10-point checklist: live-tweeting for investor relations

Social media is definitely a hot topic in the investor relations community these days. Often, live-tweeting features prominently in these discussions – and there are many companies doing a great job with live-tweeting earnings calls, investor/analyst days, etc. But if you’ve never live-tweeted an event, it can be daunting, especially for investor relations professionals who are short-handed and worried about Reg FD, among other things.

With that in mind, here’s a quick 10-point checklist to guide you when live-tweeting for investor relations:

1) Choose your channel (but also cross-promote)

If you are live-tweeting, you don’t need to also post live updates to Facebook, for example, but you could let Facebook followers know that you are live-tweeting. Post a link to your Twitter page on Facebook the day of the event for interested users.

2) Draft tweets ahead of time

Social media for IR shouldn’t be an afterthought. Rather, it should be part of your overall communications strategy. This means tweets around an earnings call or investor day should be developed alongside the scripts and presentations, and can easily be developed in advance. 

3) Incorporate a “cashtag” into the tweets – and maybe a hashtag

Cashtags link all the conversations about your company, and are used especially by the financial community. Using the cashtag (i.e, FedEx’s cashtag is $FDX) will help you influence the conversation already happening about your company. Also consider creating an event-specific hashtag as well to make your event-specific posts easier to find (i.e., Zillow uses #Zearnings for all of its earnings calls).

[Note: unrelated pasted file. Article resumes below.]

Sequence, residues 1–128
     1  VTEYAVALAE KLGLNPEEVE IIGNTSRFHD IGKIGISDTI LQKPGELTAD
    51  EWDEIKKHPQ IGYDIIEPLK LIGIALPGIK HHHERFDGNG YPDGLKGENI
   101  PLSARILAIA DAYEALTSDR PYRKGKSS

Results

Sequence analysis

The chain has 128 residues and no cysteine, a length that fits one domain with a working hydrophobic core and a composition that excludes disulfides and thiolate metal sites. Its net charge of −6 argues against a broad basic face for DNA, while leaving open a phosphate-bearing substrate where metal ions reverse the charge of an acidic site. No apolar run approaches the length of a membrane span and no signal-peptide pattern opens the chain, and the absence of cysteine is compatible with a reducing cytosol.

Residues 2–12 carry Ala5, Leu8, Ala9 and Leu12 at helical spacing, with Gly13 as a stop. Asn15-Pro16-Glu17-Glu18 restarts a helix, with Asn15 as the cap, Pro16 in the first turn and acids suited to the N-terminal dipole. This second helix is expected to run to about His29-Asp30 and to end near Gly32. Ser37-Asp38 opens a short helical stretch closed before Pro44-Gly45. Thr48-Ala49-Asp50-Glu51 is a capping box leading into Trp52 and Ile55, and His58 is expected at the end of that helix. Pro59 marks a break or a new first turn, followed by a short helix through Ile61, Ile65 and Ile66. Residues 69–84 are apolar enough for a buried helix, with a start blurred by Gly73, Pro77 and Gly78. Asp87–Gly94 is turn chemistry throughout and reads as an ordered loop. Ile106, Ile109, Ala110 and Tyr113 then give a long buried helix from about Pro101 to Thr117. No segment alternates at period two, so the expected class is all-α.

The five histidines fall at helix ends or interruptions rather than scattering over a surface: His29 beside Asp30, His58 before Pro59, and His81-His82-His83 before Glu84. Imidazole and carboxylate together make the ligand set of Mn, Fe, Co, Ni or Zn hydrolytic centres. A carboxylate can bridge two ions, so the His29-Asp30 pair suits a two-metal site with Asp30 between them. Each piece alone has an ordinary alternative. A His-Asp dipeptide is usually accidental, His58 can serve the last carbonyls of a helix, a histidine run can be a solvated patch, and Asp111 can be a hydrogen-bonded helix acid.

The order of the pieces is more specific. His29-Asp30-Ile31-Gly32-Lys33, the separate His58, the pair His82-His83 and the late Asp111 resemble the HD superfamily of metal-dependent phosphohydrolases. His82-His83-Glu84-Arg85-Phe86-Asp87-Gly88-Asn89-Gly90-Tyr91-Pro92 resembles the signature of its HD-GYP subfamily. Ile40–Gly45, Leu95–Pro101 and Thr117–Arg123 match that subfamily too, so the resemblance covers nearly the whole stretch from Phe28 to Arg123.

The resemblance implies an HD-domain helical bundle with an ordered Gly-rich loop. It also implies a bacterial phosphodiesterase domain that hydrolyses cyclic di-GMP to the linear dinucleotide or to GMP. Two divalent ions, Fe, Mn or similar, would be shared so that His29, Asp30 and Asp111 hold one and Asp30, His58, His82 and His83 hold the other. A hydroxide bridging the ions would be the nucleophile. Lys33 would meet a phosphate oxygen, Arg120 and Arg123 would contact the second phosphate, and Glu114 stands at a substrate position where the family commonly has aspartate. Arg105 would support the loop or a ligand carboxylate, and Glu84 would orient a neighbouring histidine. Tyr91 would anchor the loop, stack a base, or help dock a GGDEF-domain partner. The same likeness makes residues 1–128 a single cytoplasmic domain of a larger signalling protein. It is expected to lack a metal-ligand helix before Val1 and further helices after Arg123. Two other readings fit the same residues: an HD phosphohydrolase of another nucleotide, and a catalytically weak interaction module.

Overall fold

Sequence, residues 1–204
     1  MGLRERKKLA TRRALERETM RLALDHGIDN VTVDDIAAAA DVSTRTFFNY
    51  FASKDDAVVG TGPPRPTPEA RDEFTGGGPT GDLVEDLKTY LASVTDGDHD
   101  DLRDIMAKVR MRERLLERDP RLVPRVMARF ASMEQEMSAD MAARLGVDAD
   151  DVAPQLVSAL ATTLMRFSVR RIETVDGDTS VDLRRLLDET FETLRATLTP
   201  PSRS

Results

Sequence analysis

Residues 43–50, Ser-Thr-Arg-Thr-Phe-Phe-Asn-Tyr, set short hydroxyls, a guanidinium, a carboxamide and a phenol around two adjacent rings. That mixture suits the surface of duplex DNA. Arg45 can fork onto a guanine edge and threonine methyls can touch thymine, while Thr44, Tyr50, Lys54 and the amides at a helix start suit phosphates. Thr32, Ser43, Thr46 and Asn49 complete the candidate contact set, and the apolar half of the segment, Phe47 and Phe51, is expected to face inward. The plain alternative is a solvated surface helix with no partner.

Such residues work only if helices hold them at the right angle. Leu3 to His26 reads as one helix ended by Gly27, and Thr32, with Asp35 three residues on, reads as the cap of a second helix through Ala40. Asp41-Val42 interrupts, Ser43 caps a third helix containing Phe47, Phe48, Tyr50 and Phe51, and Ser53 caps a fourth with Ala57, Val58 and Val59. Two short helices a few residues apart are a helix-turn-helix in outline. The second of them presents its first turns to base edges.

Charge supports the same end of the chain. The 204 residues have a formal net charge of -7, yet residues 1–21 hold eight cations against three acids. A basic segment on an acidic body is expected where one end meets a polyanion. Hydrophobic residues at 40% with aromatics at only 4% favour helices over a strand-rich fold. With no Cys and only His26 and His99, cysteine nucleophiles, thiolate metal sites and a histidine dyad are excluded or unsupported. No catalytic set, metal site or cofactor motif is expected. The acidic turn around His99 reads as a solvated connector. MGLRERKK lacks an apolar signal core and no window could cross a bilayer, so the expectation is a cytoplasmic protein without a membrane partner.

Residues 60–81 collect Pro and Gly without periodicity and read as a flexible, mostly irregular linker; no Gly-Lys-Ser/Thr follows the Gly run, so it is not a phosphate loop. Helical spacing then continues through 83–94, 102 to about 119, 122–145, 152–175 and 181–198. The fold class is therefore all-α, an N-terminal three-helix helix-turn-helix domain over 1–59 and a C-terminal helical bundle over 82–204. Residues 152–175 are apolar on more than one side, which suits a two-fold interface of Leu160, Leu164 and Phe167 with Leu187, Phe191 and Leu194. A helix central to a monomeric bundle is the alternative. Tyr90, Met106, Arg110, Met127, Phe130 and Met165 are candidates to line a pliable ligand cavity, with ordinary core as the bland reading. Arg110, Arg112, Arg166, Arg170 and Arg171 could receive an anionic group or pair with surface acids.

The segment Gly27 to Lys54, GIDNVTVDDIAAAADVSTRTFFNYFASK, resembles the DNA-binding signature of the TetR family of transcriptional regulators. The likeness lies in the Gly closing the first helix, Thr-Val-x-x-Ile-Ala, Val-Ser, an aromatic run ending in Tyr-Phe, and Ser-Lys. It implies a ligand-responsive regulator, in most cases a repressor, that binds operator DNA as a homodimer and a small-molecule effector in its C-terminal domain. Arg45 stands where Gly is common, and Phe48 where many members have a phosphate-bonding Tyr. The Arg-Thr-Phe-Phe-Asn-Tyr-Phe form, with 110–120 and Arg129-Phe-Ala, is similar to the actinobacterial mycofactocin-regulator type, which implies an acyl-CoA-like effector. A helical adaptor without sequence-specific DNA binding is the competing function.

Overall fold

4) Check tweets for tone

Keep tweets informative, but also make sure the tweets match the tone of your company and leadership team. You want your content infused with the culture and style of your company.  Remember that live-tweeting is supposed to help your company’s messaging be more accessible and less formal, like it’s coming from a person rather than a company, so try to avoid corporate-speak or stilted language.

5) Images, images, images

Tweets with images are more interesting than tweets without them. Enough said. That’s one reason why it’s good to develop tweets in advance (see #2) – you will then have time to plan which images you want to post. That said, image quality matters a lot – you’re better off without images than with poor quality ones.

6) Secure necessary approvals – in advance

Tweets should be subjected to the same internal approval process as IR-related press releases, scripts and other communications.  

7) Publicize that you are live-tweeting ahead of the event

Let followers know you are going to be live-tweeting before the event actually starts, but not until you have approval (see #6) – you don’t want to be forced to go back on your word.

8) Post when you’re starting and stopping the live-tweeting

Have a kickoff tweet (followed shortly thereafter by your safe harbor and GAAP reconciliation statements!) and a concluding tweet, so your followers know what to expect and can follow along more easily.

9) Tweet your safe harbor

Disclosure on Twitter is just as serious as disclosure on your earnings calls and press releases. Tweet your safe harbor and non-GAAP to GAAP reconciliation statements – or a link to them, per recent SEC guidelines – before you start live-tweeting. There’s no reason not to do so.

10) Maintain flexibility

Yes, you have all the tweets drafted – but what if your CEO or CFO starts speaking off the cuff? Be ready to hold back planned tweets or reorder them. The person responsible for posting the tweets should follow along live to make sure the live-tweeting reflects the actual presentation.

Have questions?

Give me a call at 216-241-3069, send me an email or tweet me to learn more about investor relations.

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